It’s important to have an air conditioning unit that’s properly sized for your home. An air conditioner that’s the wrong size can have significant negative impact on your comfort and operating costs.
Over the next week, I will outline some of the primary risks related to the sizing of your air conditioner, and some of the processes that HVAC companies should use to ensure that the right-sized system is installed in your home.
To start the series, I want to dive into the most common misperception about air conditioners: bigger is better.
There’s a common belief—perpetuated by intuition and everything else in our society—that bigger must be better. The same holds true in the HVAC industry. Those who regularly get too hot in the summer believe a larger system must be the better solution.
Unfortunately, it’s just not true. Your house was not designed to handle air conditioning systems of all sizes, and too big of a system can cause two major issues.
1) While a larger capacity unit can cause the thermostat to reach its set temperature more quickly, it will never allow the air to be evenly distributed throughout your home. You’ll get short blasts of cold air more often, instead of a longer consistent cycle. This makes the home less comfortable.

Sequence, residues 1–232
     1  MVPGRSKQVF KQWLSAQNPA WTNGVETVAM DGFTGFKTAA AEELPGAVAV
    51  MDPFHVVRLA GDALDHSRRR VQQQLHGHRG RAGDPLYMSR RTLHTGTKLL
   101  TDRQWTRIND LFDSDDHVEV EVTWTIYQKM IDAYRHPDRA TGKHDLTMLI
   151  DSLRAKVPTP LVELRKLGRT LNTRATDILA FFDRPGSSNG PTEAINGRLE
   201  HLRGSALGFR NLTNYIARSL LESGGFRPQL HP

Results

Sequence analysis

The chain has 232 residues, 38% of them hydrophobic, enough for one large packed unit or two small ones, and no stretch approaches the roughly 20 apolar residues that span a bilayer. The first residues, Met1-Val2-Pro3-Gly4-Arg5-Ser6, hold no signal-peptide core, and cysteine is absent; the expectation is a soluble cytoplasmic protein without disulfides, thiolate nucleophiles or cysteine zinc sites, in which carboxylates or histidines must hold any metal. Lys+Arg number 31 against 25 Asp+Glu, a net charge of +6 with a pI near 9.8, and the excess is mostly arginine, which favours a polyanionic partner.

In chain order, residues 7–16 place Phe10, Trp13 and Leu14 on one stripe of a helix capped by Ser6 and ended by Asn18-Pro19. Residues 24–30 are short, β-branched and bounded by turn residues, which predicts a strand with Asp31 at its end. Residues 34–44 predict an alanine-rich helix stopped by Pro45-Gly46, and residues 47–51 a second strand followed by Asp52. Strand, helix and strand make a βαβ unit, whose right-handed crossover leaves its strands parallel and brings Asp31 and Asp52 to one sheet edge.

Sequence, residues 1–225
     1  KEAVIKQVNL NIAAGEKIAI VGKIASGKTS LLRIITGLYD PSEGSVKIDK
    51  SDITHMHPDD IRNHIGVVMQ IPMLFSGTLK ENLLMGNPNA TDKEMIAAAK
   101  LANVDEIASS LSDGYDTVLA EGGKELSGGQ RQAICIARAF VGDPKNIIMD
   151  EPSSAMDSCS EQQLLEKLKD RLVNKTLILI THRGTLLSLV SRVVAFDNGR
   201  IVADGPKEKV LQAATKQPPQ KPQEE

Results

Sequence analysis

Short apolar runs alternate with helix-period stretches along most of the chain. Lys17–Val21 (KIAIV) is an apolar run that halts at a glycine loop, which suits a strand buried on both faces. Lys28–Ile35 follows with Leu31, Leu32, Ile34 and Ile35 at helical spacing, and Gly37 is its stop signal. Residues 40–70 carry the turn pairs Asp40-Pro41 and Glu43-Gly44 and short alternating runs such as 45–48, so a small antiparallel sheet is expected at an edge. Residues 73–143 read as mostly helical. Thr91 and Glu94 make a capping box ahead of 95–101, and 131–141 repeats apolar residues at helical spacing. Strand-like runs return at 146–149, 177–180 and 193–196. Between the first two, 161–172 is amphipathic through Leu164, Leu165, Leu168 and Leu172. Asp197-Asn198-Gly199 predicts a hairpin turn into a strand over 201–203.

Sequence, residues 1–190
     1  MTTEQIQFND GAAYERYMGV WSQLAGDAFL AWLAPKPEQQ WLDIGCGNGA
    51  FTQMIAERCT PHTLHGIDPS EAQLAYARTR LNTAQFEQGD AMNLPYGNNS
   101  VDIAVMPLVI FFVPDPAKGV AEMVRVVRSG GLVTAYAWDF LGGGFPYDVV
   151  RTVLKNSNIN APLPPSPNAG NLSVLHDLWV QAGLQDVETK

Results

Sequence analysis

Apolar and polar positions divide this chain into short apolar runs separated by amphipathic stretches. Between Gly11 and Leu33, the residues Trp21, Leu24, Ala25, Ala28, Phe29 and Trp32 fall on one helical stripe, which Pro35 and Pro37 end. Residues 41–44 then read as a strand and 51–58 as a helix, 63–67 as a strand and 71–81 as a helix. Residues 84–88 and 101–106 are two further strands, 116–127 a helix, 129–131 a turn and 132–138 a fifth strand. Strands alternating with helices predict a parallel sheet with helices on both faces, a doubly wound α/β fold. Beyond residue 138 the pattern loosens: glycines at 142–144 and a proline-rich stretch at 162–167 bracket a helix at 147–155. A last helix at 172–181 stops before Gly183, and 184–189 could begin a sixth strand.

2) The constant starting and stopping of your unit will reduce the lifespan of your system. Imagine a car that only drives in stop-and-go traffic. Those kinds of miles have significant wear and tear on an engine. It’s the same for an air conditioner. An oversized system will result in less comfort, higher operating costs, and a reduced lifespan of your system. And on top of all that, it will likely cost more than the properly sized system.
The aforementioned issues assume that the ductwork in your home and the blower on your furnace can even accommodate the larger-sized air conditioner.
Ductwork is designed to move a certain volume of air at a certain pressure in order to maintain a comfort level in your home. The industry term for this process is the CFM (cubit feet per minute) of air coming from a given supply vent. A blower fan is designed to move a specific CFM of air, which should have corresponding ducts for that fan size.
Therefore, if your fan and ducts are designed to move two tons of air—equaling 800 CFM—a 3-ton air conditioner will not allow sufficient airflow through the evaporator coils of the AC unit to cool the home.
As you can see, whichever direction you go, oversizing your air conditioner will cause negative impacts on your comfort, be more expensive to operate, and lead to repairs that a correctly sized system would not likely require.